They were expecting me at Ten Towers, of course. Tours of the place had shut down for the day by then, but the guards at the gates to the complex were ready. As soon as I showed up, two of the uniformed men greeted me before sending for my guide. While we were waiting, one of the men asked if it was true that I was making a picture book for ‘that Orens guy over at Seraphs.’ When I confirmed it, he quickly said his own daughter would love something like that too and asked if he could give me his phone number to call when I was done with the first one. Of course, I agreed, and soon had a paper with his number stuffed deep in my zipped-up pocket.
A moment after that, while I was still reeling from the thought that all these people apparently wanted me to draw pictures for them, the sound of footsteps drew my attention. My guide was approaching, and I immediately recognized him. It was Richard Mornes, the same guy that had shown me around before. He wasn’t wearing the exact same clothes, but it was the same style and easy to pick out. Before, he’d had a white suit over a black hawaiian shirt with red and pink flowers. Today, it was a light purple suit with an open jacket over a bright pink shirt. He wore the same dark pink Aviator shades and comfortable tennis shoes. He definitely stood out from the dark-suited guards that were standing nearby or patrolling the grounds. They almost could’ve been clones. Or, come to think of it, biolems. Which was a thought that made me shudder.
“Paintball!” Richard greeted, extending a hand. “Glad to see you again. It’s been too long.”
Accepting his hand, I replied, “Mr. Mornes, I see they still haven’t adopted your fashion sense.”
The man chuckled while giving my hand a shake. At the same time, he pointed at me with the other one. “I’m wearing them down on that one, believe me. And please, call me Richard.”
“In that case, you can call me…” I trailed off, head tilting to the side as I made a show of thinking quickly. “Uhhh, Paintball, I guess.” Coughing, I shrugged. “Sorry. But hey, I can’t believe you’re still here. Shouldn’t you be home by now? You’d think the vice president of outreach would have plenty of lackeys he could make stay around to escort me to wherever dinner’s supposed to be.”
“Believe me,” Richard promised, “I have no shortage of lackeys. One of the perks of the position. But another perk is getting to choose the things you do want to do. Err, to an extent, anyway. And I definitely wanted to be involved with this one.” He offered me a smile, taking his sunglasses off to tuck them away. “You’re a pretty intriguing figure, you know that? I mean, you were already, but the way you’ve been going… a lot of people already look up to you. Saving the girl in that car chase was pretty damn impressive. And showing up to help at the theater? You’ve got some of the teams angling to find a way to recruit you, Minority or no Minority.”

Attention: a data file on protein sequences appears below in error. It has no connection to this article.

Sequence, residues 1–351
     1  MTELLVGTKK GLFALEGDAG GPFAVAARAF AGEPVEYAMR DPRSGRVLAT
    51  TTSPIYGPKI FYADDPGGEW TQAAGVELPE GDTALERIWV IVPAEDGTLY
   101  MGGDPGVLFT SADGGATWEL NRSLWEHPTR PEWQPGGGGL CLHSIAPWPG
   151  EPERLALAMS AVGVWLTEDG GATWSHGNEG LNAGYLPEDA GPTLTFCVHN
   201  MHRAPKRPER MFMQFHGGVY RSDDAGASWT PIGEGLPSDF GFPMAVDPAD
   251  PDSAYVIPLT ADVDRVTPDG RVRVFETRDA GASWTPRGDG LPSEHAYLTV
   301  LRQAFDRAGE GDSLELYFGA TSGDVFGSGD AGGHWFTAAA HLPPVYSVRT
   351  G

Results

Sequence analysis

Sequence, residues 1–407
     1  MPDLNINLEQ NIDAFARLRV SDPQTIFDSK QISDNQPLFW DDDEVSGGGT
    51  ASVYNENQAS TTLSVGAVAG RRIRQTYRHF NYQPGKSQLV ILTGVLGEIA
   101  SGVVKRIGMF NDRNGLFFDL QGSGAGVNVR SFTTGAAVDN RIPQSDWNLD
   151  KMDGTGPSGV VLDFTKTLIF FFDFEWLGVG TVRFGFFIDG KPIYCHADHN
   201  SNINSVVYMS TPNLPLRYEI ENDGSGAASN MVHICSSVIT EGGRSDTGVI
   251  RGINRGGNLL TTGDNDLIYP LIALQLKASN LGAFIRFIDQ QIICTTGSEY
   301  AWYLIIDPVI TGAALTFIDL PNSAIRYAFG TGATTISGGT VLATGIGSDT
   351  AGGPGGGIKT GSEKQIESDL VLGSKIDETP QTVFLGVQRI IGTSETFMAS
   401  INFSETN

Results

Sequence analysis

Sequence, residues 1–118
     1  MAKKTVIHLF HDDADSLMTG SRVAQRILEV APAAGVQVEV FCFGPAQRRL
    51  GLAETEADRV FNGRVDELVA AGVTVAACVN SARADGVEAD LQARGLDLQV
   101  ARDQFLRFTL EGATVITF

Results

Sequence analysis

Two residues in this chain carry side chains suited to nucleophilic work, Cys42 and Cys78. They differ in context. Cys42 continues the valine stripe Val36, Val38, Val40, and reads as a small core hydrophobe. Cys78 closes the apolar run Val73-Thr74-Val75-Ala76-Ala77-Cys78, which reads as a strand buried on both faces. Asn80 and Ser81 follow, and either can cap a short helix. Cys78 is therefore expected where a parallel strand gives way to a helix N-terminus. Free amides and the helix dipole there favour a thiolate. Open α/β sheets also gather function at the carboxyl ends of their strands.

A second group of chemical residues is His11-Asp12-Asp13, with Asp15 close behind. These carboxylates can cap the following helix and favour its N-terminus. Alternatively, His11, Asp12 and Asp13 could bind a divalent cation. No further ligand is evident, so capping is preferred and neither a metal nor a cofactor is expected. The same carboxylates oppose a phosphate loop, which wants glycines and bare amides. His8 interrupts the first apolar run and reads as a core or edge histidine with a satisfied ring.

Feeling myself flush a bit under the mask and helmet, I shook my head. “It’s no big deal. Seriously, it’s really not. And um, that whole ‘finding a way to recruit me’ includes you, I take it?”
With a chuckle, the man turned, gesturing for me to accompany him. “Come on, I’ll get you up to the residence. And yeah, of course I’d love to have a young, hotshot Star-Touched with a long career ahead of him sign up for the Towers. Trust me, kid, you’d be an amazing get. Everyone knows you turned down the Minority, yet you keep working with them. It adds an air of mystery. You’re great on-camera, the public has fun watching you, and you’re not dark and edgy. You have any idea how many grim and gritty assholes there are who think the way to popularity is lurking in shadows and growling at people like they’ve got a mouthful of glass or something?”
Wincing, I shook my head. “Sorry you’ve gotta deal with all that. But I’m still not interested in joining any team.” Especially not now that I’d worked through in my head just how likely it was that Ten Towers was in some way, either directly or indirectly, controlled by my parents.
If he was offended or upset or anything, Richard didn’t show it at all. Of course, he probably had a lot of experience with disguising that sort of thing. He simply smiled as we approached the door of the same building from before. The doors opened automatically to let us through. “Don’t you worry, I’ll find a way to make you an offer you like. Might take awhile. Might take a year or two, but… just promise me if you do decide to join up with some people, you give me a chance to show you what we can provide? I’d hate to make the board think I’m not doing my job.”
“I’ll totally vouch that you’re definitely doing outreach,” I assured the man. “And yeah, if I change my mind about the team-joining thing, I’ll give you a chance to woo me.” God, it felt weird to say that. The whole idea that there were multiple groups angling to get me to sign on the metaphorical line was strange. And, given what I knew about my family, a bit uncomfortable.
But, I pushed all that aside and followed Mornes onto the elevator. He used a key to unlock a panel next to the regular buttons. Behind that panel was what looked like a small camera. It projected a green laser light thing that ran over the man’s face as he spoke. “Richard Mornes. One guest. Starlight.” To me, he added, “Please stand as still as possible.”
After scanning the man himself, the green light moved over me. It scanned me from head to toe before flickering off. Then the elevator began to rise smoothly.
“Starlight?” I asked, glancing at him curiously. “That’s not some kind of nickname for me, is it?”